Posts Tagged ‘anthony bourdain’


Season Pass: House

Episode by Episode Probation:  Terra Nova

Guilty Secret: Castle

I really hope that this is the final season of House. Please let it end so that we can all be released from this endless cycle of abuse – Cuddy managed to escape why not us? The premise of Terra Nova looks interesting: dystopian future plus dinosaurs. So we’ll see how that goes. As much as I love my weekly hit of Nathan Fillion charm I don’t really want Castle clogging up my DVR so I watch it via On Demand.


Season Pass: NCIS

Guilty Secret: Body of Proof

NCIS is like a pair of really comfy furry Crocs that you know aren’t stylish and should throw out but you just can’t. I was going to watch Buffy in Ringer but I missed the first episode, and I think I can live without it as it sounds like a re-hash of an Agatha Christie story. Okay, Body of Proof isn’t a particularly innovative police procedural but it’s nice to see Seven of Nine boss Dana Delaney around.


Season Pass: Top Chef Texas

Got to wait till November for the next season of Top Chef with the shiny Tom Colicchio and glamorous Padma Lakshmi. I just hope that Anthony Bourdain will be guesting as a judge slash blogger as his acerbic wit is most needed (especially if foam rears it’s foamy head again).


Season Pass: The Big Bang Theory & The Mentalist

Episode by Episode Probation: Person of Interest & Prime Suspect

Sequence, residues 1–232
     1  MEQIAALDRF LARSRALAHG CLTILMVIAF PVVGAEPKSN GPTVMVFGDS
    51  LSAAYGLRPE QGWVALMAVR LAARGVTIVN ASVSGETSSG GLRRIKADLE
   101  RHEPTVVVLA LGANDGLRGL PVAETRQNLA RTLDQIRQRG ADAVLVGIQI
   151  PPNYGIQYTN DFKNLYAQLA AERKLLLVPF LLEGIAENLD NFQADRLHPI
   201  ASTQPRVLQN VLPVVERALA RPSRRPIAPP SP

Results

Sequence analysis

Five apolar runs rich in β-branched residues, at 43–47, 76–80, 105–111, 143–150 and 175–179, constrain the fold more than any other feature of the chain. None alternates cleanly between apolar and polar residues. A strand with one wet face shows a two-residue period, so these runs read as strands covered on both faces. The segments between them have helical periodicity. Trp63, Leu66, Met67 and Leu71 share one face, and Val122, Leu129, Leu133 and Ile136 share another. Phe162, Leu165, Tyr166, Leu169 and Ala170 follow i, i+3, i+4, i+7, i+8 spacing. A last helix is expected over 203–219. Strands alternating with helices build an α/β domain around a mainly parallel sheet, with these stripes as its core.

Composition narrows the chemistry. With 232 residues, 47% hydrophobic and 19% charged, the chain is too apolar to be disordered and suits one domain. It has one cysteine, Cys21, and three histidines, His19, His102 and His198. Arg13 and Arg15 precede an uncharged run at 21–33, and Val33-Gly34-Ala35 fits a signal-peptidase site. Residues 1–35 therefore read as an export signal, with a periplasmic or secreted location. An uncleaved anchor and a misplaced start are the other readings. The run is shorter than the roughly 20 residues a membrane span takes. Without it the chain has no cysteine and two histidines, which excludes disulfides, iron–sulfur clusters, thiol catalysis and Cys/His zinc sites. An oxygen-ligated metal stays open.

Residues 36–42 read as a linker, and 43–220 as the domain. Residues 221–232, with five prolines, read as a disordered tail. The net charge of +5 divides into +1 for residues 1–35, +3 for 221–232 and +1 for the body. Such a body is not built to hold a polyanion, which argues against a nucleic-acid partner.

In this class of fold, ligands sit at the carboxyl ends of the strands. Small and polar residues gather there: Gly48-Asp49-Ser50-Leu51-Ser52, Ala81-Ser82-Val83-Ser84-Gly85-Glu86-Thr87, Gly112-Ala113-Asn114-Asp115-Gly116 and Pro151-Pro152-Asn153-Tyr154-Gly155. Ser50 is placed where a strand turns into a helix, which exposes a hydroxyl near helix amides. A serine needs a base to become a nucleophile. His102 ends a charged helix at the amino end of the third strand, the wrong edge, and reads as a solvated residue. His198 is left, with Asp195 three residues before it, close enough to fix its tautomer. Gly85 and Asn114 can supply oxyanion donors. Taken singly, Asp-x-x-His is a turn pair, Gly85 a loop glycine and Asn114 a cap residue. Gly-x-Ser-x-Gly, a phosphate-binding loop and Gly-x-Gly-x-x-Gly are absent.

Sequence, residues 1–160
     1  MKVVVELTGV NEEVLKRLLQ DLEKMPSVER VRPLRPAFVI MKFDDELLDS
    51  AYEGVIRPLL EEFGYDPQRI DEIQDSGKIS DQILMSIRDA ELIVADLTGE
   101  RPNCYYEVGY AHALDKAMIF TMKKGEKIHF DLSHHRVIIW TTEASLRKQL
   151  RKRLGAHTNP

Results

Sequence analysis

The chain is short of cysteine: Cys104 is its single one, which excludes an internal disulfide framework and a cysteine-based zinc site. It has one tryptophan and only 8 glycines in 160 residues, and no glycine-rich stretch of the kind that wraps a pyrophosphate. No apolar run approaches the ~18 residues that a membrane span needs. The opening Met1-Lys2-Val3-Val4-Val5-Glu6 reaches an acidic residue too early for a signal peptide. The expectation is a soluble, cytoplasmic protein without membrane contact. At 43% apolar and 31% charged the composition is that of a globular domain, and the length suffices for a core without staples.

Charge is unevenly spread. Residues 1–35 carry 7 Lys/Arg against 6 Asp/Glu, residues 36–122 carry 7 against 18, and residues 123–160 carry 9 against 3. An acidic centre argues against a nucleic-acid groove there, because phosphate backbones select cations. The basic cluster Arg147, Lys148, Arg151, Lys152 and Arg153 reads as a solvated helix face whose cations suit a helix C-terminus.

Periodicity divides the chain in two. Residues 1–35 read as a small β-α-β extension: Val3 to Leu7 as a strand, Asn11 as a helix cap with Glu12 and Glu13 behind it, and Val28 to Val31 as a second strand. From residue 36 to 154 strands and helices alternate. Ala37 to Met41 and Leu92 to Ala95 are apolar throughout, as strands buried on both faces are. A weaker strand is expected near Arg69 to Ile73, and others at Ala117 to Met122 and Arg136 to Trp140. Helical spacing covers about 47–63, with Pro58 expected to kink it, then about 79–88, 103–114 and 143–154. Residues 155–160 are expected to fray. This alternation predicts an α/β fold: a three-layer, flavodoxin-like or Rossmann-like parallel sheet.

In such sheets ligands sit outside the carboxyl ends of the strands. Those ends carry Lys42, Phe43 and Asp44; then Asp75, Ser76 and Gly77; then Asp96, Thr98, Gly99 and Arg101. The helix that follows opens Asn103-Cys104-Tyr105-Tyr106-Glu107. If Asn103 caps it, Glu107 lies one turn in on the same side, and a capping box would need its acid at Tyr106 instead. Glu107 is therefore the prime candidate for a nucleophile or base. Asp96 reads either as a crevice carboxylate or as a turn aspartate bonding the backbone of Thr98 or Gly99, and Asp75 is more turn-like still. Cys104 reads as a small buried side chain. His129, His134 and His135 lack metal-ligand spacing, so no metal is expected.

Alex and I have fallen so far down TBBT rabbit hole that there is no return, and it’s one of the few shows worth watching live. I *loved* the season finale of The Mentalist and it will be interesting to see how they handle it. Even though I don’t think Prime Suspect needed to be re-booted I will give it a whirl since the cast is led by Maria Bello. I’m curious about Person of Interest – could be good (Jim Caviezel, Michael Emerson and JJ Abrams) or could be a crap Minority Report style knock off.


Season Pass: Chuck, Fringe & Supernatural

Episode by Episode Probation: A Gifted Man & Grimm

Friday is genre programming night because only geeks and nerds (and the heavenly pregnant) don’t go out. Out of all the fall shows (new and returning) I am most exciting about picking things up in Fringe’s alternate time line. It’s the last few episodes of Chuck so that’s a must watch. Supernatural is on my personal bubble. I hated the ending of the last season, and what they’ve done to Castiel. They either need to shake things up or start winding things down. A Gifted Man sounds a little bit Joan of Ark-ish – not sure if this is a good or bad thing. Now Grimm I have a bone to pick with as I have a sneaking suspicious that this got picked up by NBC instead of Ronald D. Moore’s pilot 17th Precinct but I am curious about how they will blend the mythology of the Grimm fairy tales.


Nothing! Netflix night.


Season Pass: The Good Wife & Homeland

Episode by Episode Probation: Once Upon a Time

The new show I am most excited about is Homeland with the most excellent Damian Lewis. It sounds like it’s a combination of Band of Brothers and Life – w00t! The trailer makes it look really good. I’m not so sure about CBS moving The Good Wife to Sundays but hey what do I know about TV scheduling! Can’t wait to find out what happens between Alicia and Will, and Alicia and Eli. Alan Cumming is TV gold – he doesn’t need lines to steal scenes he just glares at the other actors. Once Upon a Time is another show blending fairy tale mythology and “real” life so curious as to how they approach it.